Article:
The recent scandal with feminnale in Bishkek again emphasised fundamental problems in culture, which cannot be solved systematically.
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Two weeks passed after the opening of feminnale “Foster Mothers. Economic Freedom. Women” in the Gapar Aitiev Museum of Fine Arts. The exhibition involved over 50 art masters from 22 countries. It will definitely be remembered for the scandal that led to the dismissal of Mira Dzhangarcheva, director of the museum.
In the interview to AKIpress, she noted that she was “asked” to do it by minister of culture, information and tourism Azamat Zhamankulov:
“They” referred to by Dzhangaracheva are activists-traditionalists, whose feelings were hurt by the feminnale. The performance by the Dane Julie Savery caused the most indignation: she walked out naked, and then got dressed slowly, thus trying to draw attention to the vulnerability of female sex workers.
As a result, the activists forced the authorities to censor the exposition. A specially established committee reviewed the feminnale works and removed some of them from the exhibition.
Some deputies of Zhogorku Kenesh showed their reaction to the exhibition. Last week, Makhabat Ergeshova, deputy of faction “Respublika-Ata Zhurt”, said at the parliament session that actions with naked women are inconsistent with the national traditions and mindset of the Kyrgyz. The deputy also suggested to consider if the minister of culture, information and tourism was responsible for that.
However, this suggestion seems to be late now. On Monday, December 9, minister of culture Azamat Zhamankulov supported the action organised by the traditionalists.
Is nation supreme over rights?
Civil activists acting against the feminnale with a naked girl gathered dozens of women wearing national costumes in a bus and drove around the city. Inside the bus, they discussed the problem of education of the younger generation, the morals of modern Kyrgyzstanis. This action was called “Belgiluu marshrut. Ukutan birinchi ulut turat (Prominent route. Nation supreme over rights).”
The bus started its route from the Kyrgyz drama theatre, where they were greeted by minister of culture Azamat Zhamankulov. He said that the society has faced negative events lately and the Kyrgyz should make efforts to keep their traditions and values. According to him, the disputes that the Kyrgyz won’t be able to join in the world culture if they keep their traditional culture are unreasonable.
The minister thanked participants of the action for their active civic position and their efforts to popularise the Kyrgyz culture.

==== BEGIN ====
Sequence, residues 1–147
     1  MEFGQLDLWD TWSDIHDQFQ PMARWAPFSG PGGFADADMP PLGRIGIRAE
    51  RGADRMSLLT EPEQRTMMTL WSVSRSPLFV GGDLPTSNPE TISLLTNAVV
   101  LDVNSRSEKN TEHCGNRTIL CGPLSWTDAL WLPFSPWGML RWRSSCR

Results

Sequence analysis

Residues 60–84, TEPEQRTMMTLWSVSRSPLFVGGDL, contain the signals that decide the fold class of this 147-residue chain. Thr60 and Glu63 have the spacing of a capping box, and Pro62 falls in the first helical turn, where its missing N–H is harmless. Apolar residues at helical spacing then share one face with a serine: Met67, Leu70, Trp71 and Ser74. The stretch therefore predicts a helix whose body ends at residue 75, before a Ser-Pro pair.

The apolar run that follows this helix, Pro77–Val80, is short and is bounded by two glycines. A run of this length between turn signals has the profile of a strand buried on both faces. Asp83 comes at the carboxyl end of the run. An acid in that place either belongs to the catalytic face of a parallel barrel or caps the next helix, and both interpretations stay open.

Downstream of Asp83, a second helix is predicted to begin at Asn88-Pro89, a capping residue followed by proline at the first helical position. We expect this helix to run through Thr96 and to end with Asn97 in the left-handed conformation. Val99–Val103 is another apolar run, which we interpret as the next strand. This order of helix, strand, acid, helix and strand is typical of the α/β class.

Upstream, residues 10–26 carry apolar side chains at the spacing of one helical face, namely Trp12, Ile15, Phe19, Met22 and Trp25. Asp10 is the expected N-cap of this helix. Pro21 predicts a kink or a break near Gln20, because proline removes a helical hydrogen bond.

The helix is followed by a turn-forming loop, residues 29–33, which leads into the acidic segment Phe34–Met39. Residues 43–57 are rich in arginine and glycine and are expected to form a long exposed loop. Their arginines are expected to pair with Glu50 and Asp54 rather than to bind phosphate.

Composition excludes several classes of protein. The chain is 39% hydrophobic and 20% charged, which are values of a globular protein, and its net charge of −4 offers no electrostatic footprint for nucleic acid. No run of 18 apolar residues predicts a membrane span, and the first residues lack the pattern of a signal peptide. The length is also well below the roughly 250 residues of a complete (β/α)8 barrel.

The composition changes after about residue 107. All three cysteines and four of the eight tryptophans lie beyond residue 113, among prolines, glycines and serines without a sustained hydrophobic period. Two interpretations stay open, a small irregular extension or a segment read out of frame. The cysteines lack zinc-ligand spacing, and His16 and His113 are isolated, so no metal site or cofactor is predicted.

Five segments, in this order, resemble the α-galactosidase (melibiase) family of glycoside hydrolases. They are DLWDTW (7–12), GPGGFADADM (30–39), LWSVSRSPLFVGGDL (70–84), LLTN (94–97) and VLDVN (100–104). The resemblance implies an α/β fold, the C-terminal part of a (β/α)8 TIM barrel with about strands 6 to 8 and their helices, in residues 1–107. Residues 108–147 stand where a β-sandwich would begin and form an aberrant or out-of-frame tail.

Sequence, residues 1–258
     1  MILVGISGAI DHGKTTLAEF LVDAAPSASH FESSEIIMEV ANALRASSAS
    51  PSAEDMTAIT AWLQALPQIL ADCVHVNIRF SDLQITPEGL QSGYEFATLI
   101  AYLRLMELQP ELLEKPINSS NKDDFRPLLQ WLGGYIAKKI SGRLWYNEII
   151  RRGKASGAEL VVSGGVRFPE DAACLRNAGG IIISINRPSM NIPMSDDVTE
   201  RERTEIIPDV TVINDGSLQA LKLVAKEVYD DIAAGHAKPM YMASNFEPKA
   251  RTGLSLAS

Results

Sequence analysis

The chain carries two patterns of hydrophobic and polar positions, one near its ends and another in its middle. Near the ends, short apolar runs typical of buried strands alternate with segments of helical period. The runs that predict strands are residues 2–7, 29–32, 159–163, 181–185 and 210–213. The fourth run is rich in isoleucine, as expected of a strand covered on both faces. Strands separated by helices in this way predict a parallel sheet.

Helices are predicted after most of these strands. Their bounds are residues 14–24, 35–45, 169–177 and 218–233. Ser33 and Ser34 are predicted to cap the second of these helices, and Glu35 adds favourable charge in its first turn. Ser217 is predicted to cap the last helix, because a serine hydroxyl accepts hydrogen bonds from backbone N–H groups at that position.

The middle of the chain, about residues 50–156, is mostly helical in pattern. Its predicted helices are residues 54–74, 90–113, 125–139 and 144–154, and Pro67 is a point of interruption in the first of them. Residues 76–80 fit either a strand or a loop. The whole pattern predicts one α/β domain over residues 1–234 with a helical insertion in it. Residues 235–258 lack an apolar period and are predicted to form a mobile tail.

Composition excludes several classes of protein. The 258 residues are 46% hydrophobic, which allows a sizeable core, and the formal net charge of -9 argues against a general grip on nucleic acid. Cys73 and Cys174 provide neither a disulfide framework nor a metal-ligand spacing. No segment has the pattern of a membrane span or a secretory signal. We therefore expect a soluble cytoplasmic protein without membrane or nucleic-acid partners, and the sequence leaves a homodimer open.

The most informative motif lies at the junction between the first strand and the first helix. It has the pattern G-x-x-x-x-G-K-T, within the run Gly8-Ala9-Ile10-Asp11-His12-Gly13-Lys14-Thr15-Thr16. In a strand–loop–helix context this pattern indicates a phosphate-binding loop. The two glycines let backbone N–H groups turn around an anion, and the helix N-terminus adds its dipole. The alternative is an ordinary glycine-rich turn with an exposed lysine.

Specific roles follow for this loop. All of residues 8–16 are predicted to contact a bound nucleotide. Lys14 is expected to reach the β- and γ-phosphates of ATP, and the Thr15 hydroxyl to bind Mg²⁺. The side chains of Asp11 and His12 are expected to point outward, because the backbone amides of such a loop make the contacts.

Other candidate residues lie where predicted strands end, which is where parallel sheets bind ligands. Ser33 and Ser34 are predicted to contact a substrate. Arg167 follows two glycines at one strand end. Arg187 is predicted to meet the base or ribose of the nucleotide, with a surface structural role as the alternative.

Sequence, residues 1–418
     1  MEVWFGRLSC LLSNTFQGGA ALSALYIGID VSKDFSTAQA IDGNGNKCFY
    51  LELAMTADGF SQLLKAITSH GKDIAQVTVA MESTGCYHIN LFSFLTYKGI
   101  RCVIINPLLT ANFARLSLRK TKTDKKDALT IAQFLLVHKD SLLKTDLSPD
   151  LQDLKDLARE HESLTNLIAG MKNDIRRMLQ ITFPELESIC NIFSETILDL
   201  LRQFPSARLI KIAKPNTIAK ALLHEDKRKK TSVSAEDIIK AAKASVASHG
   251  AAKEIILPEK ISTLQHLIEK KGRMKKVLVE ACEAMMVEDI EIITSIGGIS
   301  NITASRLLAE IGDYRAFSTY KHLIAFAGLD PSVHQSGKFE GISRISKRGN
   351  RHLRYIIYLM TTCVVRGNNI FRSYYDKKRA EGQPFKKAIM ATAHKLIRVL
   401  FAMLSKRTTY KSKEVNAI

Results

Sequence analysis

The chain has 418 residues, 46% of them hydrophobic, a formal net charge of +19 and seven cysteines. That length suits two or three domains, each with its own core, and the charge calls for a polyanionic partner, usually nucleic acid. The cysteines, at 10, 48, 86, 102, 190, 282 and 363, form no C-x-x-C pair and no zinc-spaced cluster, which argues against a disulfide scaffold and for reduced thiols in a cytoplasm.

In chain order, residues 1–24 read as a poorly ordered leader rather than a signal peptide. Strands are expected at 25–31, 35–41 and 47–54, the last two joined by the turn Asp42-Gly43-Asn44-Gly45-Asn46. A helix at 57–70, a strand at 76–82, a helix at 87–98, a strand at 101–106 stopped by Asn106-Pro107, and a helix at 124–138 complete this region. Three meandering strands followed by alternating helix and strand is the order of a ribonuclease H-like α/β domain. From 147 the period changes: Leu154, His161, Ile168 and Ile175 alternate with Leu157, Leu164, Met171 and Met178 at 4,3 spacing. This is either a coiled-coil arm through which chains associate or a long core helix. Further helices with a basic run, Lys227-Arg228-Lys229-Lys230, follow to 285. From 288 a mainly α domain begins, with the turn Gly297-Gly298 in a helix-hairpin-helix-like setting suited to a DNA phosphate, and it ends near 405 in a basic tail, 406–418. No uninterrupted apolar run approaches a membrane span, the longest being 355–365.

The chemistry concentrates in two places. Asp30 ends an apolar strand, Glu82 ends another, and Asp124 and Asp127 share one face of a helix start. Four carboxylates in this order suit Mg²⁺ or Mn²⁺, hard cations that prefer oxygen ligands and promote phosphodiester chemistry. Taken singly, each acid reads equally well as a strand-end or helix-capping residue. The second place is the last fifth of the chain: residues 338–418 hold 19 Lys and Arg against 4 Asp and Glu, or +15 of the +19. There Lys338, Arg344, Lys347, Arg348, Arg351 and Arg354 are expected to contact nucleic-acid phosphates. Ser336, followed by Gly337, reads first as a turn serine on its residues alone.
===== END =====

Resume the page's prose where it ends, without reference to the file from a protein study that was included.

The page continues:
Political analyst Mars Sariev said the reaction to the feminnale was quite expected and the system of beliefs played a big role in this situation. The organisers of the feminnale were a certain layer of Russian-speaking city dwellers, who were brought up according to European and liberal values, while those who were raised traditionally responded critically to the event.
“Therefore, such slogans as “balkonskie” (people who live in multi-storey buildings – editor’s note) and “zhertamskie” (people who live in detached houses – editor’s note) appear during protests. Here we see the confrontation between the two mindsets: traditions and customs vs. views of people who were raised by the European culture,” Sariev said.
In his opinion, it wouldn’t have happened if the head of the cultural agency had been a “more sophisticated” person.
Elena Voronina, culture expert and specialist in communications, has a different opinion. According to her, this is the result of the lack of knowledge and critical thinking.
“Any powers that create uncontested existence are making chaos and violate the human dignity. They trigger such actions as intimidation, censorship, threats, destruction. The minister of culture came under pressure and showed his weakness as a public manager and submitted to them. This is much uglier than intimidation,” Voronina said.
Moreover, according to the culture expert, the minister of culture who censored the feminnale violated the national Constitution.
“The far-right group may not know the law, but the public servant must know it, including international law and everything that is related to the protection of cultural rights. The minister that submits to the far-right groups who want to dictate their own rules has created a precedent of flagrant lawlessness and arbitrary behaviour and seriously deteriorated the image of the republic on the international stage,” Voronina said.
However, cultural scandals are not rare in Kyrgyzstan.
The burial of the mummy
In October 2017, the ministry of culture, information and tourism decided to bury the mummy that was stored in the State Historical Museum of Kyrgyzstan. They explained their decision by the fact that the mummy was kept in the museum for 60 years and was never studied as there was no equipment and anthropologists.
“Special embalming procedures are needed to preserve the mummy, which were not carried out due to the lack of specialists and money,” the ministry’s press service said.
The agency specified that the scientists would still have access to the mummy after its burial in case of future studies.
According to Kadicha Tashbaeva, head of archaeology department of the Institute of History, National Academy of Sciences, the mummy dates to 4-5th centuries AD. It was preserved naturally due to the climate of the southern region.
The mummy was handed over to the Ministry of Emergency Situations for burial, and the ministry carried out the burial procedure together with the local authorities of Batken region.
Afterwards, archaeologists asked the then president Almazbek Atambaev to get back the medieval mummy of a woman and to bring to account those people who decided to bury the museum specimen.
Scientists equal the decision of the ministry of culture with vandalism, as they told during the press conference. They also said that the committee that made the decision to bury the museum specimen didn’t have any subject matter scientists as its members.